Esports - Dota 2

From mod to mainstream: The evolution of Dota as a competitive game

The world of esports has exploded in popularity over the past decade, with competitive video games drawing in millions of viewers and professional players from around the globe. One game that has played a significant role in the rise of esports is Dota 2, a multiplayer online battle arena (MOBA) that has gone from a mod for a popular real-time strategy game to a standalone title with a massive player base and professional scene.

The origins of Dota

Dota, which stands for “Defense of the Ancients,” started as a mod for the real-time strategy game, Warcraft III: Reign of Chaos. The mod was created by a player named “Eul” and released in 2003, and it quickly gained a large following among Warcraft III players. In Dota, two players battle against each other to destroy the other team’s “Ancient,” a large structure located in their base. Each player controlled a hero character with unique abilities, and the game featured various items and skills that players could purchase to improve their hero’s stats and abilities.

Dota 2: Standalone game

In 2009, Valve Corporation announced they were working on a standalone version of Dota. The new game, Dota 2, was released in 2013 and quickly gained a massive player base, thanks partly to its free-to-play model and frequent updates.

Dota 2 features improved graphics and gameplay mechanics compared to the original mod, and it has a much larger pool of heroes to choose from. The game’s hero roster now includes over 100 unique characters, each with its own abilities and playstyle. Dota 2 also introduced a new game mode called “Turbo,” a faster and more casual version of the standard game mode. If you are new to the game, you can get Dota 2 MMR boost online.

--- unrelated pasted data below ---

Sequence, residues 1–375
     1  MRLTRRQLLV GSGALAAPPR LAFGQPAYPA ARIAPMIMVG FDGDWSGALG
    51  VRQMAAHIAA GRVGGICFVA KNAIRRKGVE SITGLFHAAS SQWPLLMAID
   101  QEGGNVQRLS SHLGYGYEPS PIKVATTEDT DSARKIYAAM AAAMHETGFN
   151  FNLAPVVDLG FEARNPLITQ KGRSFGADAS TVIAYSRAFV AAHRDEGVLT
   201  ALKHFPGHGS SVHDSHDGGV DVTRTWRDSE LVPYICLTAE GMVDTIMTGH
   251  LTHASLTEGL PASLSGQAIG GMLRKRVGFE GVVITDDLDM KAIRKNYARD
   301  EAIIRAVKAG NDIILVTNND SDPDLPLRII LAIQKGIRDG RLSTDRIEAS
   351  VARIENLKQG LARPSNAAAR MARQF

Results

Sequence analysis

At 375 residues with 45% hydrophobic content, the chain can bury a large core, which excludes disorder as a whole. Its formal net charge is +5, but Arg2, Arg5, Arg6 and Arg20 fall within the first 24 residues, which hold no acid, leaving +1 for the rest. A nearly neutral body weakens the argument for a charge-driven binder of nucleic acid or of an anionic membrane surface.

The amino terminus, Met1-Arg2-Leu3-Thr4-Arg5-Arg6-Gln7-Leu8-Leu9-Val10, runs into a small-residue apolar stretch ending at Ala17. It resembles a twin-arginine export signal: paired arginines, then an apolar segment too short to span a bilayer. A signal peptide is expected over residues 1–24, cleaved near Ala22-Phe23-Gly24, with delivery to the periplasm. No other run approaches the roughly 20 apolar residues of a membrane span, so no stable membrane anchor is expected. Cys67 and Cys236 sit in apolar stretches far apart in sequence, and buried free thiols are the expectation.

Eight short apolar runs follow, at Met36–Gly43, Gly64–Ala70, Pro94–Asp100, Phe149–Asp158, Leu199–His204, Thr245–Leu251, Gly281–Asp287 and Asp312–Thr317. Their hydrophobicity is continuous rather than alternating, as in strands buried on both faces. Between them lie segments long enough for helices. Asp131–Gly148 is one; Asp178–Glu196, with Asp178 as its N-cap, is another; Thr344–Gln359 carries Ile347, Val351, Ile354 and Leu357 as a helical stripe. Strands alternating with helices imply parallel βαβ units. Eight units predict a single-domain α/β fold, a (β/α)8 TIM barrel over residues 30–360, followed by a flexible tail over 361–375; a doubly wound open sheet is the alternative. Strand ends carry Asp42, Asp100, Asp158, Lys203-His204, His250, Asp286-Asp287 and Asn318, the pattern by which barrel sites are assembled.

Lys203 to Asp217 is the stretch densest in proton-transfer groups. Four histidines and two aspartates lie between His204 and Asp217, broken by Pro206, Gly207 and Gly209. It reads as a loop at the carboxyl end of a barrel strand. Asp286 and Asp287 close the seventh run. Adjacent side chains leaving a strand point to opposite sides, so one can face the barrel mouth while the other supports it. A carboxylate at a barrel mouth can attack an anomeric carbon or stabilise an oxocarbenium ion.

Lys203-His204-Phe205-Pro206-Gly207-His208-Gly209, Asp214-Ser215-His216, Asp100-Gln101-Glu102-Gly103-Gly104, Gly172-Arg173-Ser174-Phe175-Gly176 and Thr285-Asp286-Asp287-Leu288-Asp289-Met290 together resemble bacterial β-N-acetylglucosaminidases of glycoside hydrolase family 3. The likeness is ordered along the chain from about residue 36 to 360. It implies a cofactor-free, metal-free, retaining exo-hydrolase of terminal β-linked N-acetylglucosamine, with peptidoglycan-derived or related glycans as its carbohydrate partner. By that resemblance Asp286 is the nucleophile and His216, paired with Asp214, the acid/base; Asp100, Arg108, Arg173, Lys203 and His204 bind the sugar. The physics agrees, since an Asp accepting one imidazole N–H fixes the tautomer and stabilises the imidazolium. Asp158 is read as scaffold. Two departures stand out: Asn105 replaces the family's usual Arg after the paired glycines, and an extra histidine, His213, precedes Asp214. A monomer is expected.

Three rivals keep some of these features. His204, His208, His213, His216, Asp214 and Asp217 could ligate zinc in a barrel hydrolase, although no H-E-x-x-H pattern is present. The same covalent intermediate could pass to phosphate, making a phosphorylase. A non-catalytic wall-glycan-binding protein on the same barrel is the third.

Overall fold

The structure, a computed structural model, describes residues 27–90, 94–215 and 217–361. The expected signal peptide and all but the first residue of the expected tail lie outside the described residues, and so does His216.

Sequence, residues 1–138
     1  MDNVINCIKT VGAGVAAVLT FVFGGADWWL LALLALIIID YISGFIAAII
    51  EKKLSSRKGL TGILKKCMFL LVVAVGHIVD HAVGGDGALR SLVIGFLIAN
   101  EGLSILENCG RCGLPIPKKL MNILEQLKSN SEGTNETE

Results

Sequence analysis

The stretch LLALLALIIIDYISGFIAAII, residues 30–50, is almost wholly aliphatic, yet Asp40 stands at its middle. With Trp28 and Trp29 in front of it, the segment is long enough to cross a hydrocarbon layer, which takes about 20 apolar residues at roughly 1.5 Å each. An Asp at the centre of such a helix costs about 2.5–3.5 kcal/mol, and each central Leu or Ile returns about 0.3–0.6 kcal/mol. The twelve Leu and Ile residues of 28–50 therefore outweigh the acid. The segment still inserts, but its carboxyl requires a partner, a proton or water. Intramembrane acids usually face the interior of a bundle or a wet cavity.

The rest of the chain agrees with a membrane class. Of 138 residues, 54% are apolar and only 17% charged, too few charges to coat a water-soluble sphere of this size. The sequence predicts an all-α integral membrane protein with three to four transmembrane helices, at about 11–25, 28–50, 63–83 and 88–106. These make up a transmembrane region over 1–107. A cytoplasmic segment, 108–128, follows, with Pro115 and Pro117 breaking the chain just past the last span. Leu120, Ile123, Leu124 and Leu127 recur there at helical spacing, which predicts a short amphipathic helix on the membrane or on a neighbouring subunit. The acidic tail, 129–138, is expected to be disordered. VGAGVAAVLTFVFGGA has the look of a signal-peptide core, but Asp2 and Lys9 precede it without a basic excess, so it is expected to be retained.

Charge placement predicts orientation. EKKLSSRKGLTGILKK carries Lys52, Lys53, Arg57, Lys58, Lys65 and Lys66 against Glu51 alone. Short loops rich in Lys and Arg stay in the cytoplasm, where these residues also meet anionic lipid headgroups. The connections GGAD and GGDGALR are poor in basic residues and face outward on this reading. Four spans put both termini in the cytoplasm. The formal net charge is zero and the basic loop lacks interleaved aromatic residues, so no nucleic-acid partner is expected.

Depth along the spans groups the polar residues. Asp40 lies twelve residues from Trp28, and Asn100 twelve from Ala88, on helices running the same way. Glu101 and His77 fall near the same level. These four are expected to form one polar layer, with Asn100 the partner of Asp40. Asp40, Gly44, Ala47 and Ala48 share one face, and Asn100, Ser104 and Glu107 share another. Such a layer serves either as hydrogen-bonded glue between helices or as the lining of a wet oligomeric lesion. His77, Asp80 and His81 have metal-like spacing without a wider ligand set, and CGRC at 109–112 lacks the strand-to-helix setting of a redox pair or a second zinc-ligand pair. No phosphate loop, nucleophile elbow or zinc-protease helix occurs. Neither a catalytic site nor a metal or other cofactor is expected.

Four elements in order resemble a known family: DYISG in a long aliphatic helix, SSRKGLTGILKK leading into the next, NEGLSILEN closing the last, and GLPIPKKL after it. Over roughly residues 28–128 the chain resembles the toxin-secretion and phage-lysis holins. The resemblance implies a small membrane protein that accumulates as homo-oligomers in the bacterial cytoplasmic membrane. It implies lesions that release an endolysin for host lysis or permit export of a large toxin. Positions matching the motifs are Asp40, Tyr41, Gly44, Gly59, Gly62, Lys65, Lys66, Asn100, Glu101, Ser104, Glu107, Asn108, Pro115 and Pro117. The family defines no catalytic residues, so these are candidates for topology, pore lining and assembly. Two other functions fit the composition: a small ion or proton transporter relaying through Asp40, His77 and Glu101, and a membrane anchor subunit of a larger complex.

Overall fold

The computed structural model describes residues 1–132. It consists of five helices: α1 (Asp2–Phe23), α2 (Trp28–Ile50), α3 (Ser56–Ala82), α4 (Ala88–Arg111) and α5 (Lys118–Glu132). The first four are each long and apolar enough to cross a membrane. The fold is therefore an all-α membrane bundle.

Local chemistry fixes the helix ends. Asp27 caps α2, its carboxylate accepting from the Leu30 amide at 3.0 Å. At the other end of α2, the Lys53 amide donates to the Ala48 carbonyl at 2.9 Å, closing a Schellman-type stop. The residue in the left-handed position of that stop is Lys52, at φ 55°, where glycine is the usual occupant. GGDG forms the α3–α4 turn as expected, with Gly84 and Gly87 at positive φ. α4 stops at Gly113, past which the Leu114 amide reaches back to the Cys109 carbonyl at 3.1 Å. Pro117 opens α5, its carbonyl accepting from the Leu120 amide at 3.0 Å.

The rise of professional Dota 2

As Dota 2’s player base grew, so did the professional scene. The first Dota 2 tournament, The International, was held in 2011 and featured a prize pool of $1 million. The tournament has since become an annual event, with the prize pool growing to over $30 million in recent years.

In addition to The International, numerous other Dota 2 tournaments are held throughout the year, including the Dota Pro Circuit, a series of tournaments leading up to The International. The professional Dota 2 scene also includes various leagues and teams, with organizations such as Evil Geniuses, Team Liquid, and OG becoming household names in esports.

The impact of Dota 2

Dota 2 has significantly impacted the esports industry as a whole. The game has one of the largest player bases of any esports title, and its professional scene is widely considered one of the most competitive and lucrative in the world.

Dota 2 has also helped to popularize the MOBA genre, with games, such as League of Legends and Heroes of the Storm, drawing inspiration from Dota’s gameplay and hero design. The success of Dota 2 has also helped to raise the profile of esports in general, with the game’s massive tournaments and high-stakes matches drawing in millions of viewers.

Dota 2’s journey from mod to the standalone game to one of the most popular esports titles in the world is a testament to the game’s enduring appeal and the dedication of its player base. As the esports industry continues to grow, Dota 2 will likely remain a major player in the scene, with its professional tournaments and talented players providing exciting gameplay for years to come.

Photograph by Jakob Wells